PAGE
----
are agreeing to our
Terms of Use.

Career Services

Day In a Page

Surrounded by high-rise flats is a little house filled with Lebanon’s history - clocks, rifles, frogmen’s uniforms and colonial helmets

Clocks, rifles, swords, frogmen’s uniforms

Surrounded by high-rise flats is a little house filled with Lebanon’s history
Return to Gaza: Four months on, the wounds left by Israel's bombardment have not yet healed

Four months after the bombardment, Gaza’s wounds are yet to heal

Kim Sengupta is reunited with a man whose plight mirrors the suffering of the Palestinian people
Gastric surgery: Is it really the answer to the UK's obesity epidemic?

Is gastric surgery really the answer to the UK's obesity epidemic?

Critics argue that it’s crazy to operate on healthy people just to stop them eating
Homeless Veterans appeal: Christmas charity auction Part 2 - now LIVE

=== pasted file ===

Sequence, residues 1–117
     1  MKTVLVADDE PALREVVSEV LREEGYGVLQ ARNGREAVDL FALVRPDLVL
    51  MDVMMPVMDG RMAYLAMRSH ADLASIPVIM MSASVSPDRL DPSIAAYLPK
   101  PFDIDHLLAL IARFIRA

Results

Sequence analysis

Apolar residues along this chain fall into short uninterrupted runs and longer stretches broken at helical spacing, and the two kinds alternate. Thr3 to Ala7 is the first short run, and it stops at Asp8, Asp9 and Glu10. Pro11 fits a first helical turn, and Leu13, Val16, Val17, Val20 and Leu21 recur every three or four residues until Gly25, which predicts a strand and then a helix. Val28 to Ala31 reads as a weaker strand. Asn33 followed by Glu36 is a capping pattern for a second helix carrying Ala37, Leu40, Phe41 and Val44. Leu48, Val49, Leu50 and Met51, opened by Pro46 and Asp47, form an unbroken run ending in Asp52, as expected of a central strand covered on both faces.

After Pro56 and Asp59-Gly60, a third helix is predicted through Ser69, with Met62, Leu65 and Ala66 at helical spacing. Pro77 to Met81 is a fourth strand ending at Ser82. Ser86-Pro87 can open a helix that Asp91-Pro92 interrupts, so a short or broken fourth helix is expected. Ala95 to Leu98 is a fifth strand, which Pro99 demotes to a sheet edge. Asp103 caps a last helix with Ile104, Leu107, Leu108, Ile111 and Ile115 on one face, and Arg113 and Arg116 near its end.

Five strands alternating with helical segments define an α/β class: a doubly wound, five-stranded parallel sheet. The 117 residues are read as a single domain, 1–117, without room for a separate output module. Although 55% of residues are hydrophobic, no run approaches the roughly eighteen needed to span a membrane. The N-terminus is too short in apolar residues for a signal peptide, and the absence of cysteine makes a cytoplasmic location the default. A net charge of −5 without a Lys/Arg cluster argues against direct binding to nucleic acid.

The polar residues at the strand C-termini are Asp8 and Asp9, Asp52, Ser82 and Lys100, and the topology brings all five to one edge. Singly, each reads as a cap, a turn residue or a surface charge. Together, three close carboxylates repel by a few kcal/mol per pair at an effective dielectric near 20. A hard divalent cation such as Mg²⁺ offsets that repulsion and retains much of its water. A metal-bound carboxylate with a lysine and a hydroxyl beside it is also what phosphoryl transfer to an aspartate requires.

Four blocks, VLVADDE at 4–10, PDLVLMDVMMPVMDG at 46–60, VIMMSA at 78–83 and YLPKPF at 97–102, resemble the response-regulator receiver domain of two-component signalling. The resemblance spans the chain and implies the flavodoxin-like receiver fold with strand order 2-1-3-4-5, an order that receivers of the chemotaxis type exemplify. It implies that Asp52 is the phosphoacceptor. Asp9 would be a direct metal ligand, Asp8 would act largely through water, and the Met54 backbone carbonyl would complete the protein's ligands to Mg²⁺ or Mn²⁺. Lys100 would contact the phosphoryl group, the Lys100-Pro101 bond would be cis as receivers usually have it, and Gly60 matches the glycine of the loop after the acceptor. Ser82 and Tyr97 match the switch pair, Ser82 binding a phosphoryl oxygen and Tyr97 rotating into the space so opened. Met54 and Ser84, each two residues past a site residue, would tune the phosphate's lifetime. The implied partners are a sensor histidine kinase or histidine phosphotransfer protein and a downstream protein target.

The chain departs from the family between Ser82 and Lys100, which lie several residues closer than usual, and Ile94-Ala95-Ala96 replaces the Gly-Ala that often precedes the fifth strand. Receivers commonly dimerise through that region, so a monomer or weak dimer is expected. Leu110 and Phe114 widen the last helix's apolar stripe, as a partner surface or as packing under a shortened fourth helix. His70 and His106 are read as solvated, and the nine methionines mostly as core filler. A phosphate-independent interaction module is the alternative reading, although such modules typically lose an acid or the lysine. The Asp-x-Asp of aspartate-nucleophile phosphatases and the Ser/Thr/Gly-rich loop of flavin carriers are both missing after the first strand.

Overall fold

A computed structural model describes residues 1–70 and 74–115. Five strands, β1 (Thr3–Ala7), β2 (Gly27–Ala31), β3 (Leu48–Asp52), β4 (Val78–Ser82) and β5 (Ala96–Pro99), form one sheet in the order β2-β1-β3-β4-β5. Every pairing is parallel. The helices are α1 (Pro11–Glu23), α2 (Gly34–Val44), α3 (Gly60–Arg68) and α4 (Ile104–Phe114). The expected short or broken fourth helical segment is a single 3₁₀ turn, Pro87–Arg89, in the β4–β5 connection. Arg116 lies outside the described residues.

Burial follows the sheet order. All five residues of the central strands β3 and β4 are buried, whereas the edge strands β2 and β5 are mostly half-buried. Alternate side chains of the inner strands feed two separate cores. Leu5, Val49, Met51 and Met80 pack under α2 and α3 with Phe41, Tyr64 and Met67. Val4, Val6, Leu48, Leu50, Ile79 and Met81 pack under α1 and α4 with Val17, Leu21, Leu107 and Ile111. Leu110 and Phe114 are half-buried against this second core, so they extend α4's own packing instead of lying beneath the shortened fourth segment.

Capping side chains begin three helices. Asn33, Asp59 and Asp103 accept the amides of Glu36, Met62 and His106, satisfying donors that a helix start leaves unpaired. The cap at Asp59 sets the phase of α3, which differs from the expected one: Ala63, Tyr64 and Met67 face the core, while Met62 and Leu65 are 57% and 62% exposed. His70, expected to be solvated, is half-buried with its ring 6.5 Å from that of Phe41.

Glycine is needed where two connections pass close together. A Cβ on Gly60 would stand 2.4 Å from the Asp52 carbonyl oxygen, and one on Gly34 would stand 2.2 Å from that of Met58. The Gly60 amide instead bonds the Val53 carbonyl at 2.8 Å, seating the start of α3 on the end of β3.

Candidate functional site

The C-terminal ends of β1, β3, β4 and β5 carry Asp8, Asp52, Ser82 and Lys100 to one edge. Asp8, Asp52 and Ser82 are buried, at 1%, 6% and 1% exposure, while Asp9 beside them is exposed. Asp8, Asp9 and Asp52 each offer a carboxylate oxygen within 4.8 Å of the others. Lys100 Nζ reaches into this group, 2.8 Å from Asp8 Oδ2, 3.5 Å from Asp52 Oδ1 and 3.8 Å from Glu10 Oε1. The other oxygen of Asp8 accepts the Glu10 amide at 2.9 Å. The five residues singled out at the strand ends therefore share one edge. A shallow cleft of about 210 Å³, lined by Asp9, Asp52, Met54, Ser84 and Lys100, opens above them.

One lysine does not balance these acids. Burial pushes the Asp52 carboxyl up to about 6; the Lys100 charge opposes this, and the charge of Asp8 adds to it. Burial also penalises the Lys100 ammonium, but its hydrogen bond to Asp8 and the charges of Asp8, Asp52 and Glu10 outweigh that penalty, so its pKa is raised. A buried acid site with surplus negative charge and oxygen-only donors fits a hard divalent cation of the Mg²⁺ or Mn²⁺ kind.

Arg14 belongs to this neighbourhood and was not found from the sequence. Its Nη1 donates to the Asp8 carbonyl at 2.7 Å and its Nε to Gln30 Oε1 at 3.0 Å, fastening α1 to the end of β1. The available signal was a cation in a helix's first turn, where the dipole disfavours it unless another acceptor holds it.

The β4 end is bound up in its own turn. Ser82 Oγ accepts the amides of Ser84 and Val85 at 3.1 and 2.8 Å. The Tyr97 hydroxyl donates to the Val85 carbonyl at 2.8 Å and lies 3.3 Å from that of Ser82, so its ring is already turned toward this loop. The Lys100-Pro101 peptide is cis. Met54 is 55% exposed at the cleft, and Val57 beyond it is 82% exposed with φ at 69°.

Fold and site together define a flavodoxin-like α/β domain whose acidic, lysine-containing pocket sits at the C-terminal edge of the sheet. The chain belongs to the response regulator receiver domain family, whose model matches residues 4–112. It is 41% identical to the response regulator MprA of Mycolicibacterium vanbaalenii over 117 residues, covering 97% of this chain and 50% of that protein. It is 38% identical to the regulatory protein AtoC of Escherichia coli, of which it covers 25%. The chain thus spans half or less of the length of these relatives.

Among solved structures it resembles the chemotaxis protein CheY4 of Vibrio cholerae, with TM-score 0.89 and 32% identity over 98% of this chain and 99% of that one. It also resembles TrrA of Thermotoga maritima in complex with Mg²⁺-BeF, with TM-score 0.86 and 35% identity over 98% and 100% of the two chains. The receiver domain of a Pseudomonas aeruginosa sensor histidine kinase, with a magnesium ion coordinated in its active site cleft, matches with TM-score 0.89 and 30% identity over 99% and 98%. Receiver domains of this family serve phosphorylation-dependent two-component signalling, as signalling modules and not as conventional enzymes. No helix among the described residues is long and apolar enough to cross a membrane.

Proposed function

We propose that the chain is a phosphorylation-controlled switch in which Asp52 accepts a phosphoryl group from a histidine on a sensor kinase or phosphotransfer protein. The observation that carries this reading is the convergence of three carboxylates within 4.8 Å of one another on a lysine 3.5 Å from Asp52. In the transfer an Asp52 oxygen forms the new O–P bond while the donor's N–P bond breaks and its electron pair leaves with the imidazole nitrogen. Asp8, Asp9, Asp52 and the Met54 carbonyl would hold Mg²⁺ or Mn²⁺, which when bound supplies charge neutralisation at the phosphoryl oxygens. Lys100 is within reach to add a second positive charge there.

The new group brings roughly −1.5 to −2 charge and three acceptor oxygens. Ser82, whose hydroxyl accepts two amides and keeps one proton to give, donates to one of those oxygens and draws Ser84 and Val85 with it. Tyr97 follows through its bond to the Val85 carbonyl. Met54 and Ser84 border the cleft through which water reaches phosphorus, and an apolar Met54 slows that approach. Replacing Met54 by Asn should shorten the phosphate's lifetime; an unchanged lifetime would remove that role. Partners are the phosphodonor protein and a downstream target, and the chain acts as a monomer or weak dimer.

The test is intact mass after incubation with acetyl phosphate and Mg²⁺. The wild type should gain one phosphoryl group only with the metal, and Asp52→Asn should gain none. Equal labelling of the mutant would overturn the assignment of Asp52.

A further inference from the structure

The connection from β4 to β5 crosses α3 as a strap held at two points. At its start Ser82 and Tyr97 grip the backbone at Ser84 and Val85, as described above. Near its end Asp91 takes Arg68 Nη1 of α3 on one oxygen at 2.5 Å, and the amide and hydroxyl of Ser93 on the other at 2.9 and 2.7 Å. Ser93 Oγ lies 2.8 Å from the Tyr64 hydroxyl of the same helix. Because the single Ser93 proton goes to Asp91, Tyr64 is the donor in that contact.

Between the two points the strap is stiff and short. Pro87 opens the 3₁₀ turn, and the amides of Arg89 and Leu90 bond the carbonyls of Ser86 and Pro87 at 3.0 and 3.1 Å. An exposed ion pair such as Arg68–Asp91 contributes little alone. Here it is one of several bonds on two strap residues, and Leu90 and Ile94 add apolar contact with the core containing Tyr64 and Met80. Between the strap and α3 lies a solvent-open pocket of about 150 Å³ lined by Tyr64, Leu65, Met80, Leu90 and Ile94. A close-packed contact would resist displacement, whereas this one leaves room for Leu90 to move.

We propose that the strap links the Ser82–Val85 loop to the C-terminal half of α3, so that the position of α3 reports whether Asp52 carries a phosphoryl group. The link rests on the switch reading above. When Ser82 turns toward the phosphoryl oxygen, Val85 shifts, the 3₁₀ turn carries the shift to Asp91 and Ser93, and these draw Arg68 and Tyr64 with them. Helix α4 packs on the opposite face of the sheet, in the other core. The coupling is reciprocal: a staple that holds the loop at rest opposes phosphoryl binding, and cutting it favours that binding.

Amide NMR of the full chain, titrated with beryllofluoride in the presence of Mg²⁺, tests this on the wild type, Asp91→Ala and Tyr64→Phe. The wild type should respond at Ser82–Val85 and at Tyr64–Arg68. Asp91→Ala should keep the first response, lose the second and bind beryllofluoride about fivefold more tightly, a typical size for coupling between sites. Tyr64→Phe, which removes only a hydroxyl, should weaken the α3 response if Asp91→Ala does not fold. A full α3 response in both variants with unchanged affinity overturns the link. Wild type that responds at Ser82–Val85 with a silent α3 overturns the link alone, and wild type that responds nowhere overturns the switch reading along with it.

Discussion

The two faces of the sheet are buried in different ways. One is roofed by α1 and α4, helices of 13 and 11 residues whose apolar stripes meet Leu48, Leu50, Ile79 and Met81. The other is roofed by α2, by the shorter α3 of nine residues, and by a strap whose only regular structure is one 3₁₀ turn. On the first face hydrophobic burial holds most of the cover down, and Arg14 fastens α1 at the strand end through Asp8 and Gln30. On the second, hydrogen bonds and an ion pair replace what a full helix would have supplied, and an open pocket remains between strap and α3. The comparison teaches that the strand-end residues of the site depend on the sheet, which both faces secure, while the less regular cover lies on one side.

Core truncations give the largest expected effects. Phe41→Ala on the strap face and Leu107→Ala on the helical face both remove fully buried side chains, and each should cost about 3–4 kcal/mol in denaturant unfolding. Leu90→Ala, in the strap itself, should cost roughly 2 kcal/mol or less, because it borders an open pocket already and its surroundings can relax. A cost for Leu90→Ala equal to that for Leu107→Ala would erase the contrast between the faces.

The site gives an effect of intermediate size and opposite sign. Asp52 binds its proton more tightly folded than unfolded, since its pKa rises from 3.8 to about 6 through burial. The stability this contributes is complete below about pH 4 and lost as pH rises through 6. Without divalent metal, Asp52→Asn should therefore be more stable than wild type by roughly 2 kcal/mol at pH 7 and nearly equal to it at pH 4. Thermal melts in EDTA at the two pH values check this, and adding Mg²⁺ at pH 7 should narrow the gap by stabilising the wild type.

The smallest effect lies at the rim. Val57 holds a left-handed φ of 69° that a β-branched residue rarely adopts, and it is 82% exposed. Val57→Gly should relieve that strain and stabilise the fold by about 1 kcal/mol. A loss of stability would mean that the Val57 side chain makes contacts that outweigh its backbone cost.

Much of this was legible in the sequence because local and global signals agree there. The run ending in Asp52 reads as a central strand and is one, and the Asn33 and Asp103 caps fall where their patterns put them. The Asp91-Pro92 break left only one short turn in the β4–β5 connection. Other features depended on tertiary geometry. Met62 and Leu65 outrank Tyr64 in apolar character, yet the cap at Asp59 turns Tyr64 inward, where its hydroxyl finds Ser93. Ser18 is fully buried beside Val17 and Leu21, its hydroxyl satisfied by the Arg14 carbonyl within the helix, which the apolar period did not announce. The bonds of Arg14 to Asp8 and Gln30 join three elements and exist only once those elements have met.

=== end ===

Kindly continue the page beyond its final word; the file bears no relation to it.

Homeless Veterans appeal: Christmas charity auction

Bid on original art, or trips of a lifetime to Africa or the 'Corrie' set, and help Homeless Veterans
Pantomime rings the changes to welcome autistic theatre-goers

Autism-friendly theatre

Pantomime leads the pack in quest to welcome all
The week Hollywood got scared and had to grow up a bit

The week Hollywood got scared and had to grow up a bit

Sony suffered a chorus of disapproval after it withdrew 'The Interview', but it's not too late for it to take a stand, says Joan Smith
From Widow Twankey to Mother Goose, how do the men who play panto dames get themselves ready for the performance of a lifetime?

Panto dames: before and after

From Widow Twankey to Mother Goose, how do the men who play panto dames get themselves ready for the performance of a lifetime?
Thirties murder mystery novel is surprise runaway Christmas hit

Thirties murder mystery novel is surprise runaway Christmas hit